We parked close to the entrance and walked directly into the midst of their Classic Range. This is the section designed pretty much with my mother in mind; sensible twin sets, not so much trousers as crease-resistant slacks, raincoats. Within two minutes she had dismissed it all as being "fuddy duddy", with the one exception of a rather pretty blouse that they only had in my size. I did ask the assistant if they had any more but was told it was the last one. I secretively picked it up.

There was a sale rail ahead. Now this is possibly the one uniting factor between us: we do both love a bargain. I quickly snapped up a pink coat and a pair of shoes. Mother found precisely nothing. We ventured to full price items in Per Una, Limited Collection, Portfolio and Autograph. Nothing doing. And the sense of deja vu was immediate and immense. Every time I take her shopping it's the same.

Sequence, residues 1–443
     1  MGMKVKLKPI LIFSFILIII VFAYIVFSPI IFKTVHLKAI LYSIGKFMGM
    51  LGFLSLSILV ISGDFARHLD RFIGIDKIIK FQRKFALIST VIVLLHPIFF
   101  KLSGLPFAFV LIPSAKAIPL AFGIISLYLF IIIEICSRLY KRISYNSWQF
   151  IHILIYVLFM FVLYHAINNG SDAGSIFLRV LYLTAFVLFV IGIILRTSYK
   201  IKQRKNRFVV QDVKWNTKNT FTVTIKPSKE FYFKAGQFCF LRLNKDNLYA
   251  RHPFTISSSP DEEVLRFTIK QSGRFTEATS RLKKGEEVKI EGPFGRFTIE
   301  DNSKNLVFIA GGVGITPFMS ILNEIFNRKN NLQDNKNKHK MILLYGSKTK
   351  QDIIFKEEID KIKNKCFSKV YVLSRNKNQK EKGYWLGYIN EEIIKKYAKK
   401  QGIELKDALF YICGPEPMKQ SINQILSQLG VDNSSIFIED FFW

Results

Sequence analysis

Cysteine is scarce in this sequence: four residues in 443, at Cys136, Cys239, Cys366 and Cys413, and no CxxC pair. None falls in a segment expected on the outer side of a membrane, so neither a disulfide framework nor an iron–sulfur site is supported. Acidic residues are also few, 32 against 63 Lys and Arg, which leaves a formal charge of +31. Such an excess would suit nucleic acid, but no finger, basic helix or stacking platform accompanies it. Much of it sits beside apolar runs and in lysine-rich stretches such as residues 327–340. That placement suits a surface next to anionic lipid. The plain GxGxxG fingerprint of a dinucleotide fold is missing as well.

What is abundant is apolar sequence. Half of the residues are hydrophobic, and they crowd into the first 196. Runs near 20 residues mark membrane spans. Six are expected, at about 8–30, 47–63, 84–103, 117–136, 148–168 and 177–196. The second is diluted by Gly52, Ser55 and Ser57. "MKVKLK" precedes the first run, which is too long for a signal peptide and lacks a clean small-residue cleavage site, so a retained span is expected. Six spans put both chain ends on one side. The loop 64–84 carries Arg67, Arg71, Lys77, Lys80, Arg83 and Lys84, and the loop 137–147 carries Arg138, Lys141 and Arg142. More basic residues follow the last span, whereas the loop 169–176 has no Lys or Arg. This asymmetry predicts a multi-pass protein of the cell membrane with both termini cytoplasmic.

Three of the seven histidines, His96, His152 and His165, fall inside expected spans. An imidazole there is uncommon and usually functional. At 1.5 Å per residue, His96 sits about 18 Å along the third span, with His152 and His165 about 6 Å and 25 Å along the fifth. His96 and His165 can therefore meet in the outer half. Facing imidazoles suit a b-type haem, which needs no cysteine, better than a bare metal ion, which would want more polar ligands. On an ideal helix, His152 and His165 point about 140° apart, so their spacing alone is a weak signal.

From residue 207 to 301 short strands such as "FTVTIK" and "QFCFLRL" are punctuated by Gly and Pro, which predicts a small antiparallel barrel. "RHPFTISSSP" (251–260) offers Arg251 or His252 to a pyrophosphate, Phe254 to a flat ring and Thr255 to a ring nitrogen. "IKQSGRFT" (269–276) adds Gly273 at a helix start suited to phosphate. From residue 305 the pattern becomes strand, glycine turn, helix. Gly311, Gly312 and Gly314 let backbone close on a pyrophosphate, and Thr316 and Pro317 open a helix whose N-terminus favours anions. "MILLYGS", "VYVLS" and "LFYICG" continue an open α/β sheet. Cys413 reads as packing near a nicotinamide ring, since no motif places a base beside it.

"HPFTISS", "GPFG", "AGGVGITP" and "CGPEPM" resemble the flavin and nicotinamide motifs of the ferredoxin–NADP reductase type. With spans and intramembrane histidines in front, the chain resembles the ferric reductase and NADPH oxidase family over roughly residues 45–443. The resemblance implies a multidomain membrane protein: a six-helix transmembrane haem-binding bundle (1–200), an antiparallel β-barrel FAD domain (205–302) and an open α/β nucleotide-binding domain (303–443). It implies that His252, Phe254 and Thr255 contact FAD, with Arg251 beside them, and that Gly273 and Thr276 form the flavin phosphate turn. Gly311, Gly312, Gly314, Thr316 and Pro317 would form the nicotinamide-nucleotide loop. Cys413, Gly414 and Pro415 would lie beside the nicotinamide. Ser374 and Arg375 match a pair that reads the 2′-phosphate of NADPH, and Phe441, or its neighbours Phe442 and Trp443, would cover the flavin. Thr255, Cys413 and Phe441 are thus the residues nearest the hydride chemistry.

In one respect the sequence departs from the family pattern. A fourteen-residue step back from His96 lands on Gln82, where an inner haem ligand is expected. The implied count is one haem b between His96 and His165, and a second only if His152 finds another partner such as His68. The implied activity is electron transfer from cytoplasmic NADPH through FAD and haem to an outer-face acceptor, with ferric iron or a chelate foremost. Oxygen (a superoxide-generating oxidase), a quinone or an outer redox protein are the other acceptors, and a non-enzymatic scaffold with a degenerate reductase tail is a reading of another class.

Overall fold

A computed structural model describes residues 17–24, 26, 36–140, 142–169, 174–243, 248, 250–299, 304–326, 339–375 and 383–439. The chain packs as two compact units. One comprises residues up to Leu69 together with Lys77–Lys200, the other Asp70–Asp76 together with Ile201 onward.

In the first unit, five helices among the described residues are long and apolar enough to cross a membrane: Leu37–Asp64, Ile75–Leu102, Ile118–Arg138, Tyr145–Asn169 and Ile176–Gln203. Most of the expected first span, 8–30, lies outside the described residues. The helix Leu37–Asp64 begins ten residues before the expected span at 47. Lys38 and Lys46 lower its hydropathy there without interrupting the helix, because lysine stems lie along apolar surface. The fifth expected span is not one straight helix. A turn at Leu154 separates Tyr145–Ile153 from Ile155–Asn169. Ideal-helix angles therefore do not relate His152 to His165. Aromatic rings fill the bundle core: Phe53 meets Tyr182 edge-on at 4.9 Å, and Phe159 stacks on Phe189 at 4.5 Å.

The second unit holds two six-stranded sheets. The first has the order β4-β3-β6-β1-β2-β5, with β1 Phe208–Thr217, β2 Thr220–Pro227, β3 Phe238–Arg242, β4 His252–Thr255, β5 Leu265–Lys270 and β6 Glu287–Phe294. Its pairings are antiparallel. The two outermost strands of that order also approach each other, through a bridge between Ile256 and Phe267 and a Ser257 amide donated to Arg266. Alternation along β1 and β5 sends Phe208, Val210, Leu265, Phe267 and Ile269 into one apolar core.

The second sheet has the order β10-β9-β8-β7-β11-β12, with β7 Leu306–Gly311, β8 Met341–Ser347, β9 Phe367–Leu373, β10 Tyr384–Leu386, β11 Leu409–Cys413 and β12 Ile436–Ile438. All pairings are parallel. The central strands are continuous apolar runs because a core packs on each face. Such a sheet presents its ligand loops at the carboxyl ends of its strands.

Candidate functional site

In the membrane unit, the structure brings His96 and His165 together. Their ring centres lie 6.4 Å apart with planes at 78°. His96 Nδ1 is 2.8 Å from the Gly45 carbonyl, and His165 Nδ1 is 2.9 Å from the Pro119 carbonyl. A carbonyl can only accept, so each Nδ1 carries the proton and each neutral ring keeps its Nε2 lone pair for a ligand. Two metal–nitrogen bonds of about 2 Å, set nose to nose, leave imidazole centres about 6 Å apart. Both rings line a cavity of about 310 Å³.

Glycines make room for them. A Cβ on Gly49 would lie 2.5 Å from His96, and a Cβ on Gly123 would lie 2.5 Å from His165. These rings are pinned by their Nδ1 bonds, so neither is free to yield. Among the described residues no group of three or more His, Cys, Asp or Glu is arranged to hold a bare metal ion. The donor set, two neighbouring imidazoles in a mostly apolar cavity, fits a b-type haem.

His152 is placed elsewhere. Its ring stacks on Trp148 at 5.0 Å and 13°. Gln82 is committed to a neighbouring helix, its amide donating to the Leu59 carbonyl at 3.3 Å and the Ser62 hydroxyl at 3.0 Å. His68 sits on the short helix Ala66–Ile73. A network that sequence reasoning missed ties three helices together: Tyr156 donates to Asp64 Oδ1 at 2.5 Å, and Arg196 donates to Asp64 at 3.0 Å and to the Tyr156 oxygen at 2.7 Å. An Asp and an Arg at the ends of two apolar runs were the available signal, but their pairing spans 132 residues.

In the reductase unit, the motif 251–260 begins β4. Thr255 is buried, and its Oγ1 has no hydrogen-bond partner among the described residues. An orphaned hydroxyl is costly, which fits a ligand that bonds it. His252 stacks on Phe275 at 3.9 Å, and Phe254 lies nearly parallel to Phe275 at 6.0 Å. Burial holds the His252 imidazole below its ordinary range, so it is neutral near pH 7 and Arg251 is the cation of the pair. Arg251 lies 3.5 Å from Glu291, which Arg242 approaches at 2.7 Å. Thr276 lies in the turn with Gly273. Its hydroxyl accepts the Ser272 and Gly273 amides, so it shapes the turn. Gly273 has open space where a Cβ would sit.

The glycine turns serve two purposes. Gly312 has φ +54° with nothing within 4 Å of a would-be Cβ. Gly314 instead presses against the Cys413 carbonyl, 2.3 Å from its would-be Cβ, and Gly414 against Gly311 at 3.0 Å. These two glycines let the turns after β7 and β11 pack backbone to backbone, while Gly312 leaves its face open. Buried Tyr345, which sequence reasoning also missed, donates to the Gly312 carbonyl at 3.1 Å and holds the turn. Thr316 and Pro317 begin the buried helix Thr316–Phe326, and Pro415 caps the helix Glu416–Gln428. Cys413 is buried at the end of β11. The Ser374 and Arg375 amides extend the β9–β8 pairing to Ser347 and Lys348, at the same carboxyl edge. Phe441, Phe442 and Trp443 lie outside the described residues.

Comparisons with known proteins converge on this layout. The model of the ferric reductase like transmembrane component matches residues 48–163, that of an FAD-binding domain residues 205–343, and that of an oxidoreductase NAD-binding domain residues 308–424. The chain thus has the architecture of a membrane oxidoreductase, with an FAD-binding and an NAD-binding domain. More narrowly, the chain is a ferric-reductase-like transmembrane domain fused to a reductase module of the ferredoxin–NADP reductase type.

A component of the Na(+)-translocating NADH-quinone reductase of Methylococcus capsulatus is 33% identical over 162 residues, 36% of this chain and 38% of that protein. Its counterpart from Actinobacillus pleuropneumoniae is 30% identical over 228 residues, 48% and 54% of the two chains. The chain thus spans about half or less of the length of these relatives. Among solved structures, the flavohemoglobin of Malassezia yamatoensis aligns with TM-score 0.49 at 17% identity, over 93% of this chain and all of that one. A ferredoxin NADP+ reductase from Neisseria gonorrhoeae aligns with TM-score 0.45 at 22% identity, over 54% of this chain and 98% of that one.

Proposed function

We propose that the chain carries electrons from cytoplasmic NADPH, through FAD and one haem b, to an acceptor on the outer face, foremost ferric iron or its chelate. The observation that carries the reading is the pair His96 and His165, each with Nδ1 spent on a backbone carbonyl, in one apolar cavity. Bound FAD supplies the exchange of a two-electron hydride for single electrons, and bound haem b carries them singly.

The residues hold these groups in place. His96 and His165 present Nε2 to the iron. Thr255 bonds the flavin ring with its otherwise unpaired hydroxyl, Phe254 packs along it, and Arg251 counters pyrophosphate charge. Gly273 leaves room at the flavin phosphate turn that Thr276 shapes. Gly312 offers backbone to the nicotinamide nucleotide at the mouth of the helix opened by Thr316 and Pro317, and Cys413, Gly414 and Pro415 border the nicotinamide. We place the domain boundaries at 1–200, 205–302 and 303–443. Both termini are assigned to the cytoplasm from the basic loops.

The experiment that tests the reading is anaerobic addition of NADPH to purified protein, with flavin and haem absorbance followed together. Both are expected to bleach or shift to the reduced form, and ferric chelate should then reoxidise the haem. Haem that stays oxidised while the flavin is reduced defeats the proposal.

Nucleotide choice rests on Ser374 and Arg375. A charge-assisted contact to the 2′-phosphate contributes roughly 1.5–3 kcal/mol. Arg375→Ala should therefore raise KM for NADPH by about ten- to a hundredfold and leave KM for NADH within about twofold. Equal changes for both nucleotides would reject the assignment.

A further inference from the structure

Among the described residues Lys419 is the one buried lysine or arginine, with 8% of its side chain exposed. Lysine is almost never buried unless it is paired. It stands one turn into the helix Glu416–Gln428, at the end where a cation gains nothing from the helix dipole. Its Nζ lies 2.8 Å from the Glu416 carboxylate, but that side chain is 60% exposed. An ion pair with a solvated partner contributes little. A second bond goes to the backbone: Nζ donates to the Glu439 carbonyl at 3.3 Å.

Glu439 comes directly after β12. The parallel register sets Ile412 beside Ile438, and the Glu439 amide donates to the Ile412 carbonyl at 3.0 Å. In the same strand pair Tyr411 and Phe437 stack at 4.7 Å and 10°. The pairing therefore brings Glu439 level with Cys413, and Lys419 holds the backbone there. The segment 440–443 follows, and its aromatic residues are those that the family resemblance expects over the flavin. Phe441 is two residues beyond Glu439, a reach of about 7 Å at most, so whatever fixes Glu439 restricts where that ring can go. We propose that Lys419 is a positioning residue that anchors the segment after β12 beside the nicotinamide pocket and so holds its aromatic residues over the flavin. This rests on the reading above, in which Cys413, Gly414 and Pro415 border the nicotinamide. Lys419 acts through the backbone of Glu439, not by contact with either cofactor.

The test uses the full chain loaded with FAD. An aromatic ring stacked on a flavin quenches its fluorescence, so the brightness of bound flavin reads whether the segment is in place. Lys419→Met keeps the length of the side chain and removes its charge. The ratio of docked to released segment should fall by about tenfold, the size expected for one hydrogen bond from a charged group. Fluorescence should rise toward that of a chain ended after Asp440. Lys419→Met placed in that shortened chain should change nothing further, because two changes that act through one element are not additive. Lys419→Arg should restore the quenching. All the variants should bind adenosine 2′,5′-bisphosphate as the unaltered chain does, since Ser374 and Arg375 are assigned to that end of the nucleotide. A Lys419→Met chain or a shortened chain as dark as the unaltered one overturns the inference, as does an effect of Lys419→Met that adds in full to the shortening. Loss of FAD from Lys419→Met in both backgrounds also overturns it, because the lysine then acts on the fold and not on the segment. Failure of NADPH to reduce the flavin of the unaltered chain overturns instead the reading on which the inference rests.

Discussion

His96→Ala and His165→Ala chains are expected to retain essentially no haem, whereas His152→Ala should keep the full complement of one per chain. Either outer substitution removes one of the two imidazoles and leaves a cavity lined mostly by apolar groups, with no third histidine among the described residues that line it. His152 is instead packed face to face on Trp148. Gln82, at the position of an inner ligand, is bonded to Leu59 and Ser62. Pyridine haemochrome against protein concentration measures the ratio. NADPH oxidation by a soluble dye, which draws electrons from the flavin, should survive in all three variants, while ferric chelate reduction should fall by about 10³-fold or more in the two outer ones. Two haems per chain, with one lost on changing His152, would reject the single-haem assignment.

"I need a new jacket. And a nice top. That's not a jacket it's a coat. That's not long enough. Too long. I don't like double breasted. The buttons are dull. It's too tight across the shoulders. It's baggy. I need a higher neckline than this. Not a polo neck. That would be nice if it were green and half the price. Not that kind of green. Too old. Too young. It's a bit casual. I don't want anything that smart. They don't design their clothes with me in mind. Too busy. A bit of pattern would perk it up. Will it wash? I hate linen. I don't like manmade fibres. Cotton is too lightweight. It's not really my style. It's a bit plain. That looks like what I'm wearing. I have four like that already and I never wear them. It's all too young. I'm not being too fussy am I?"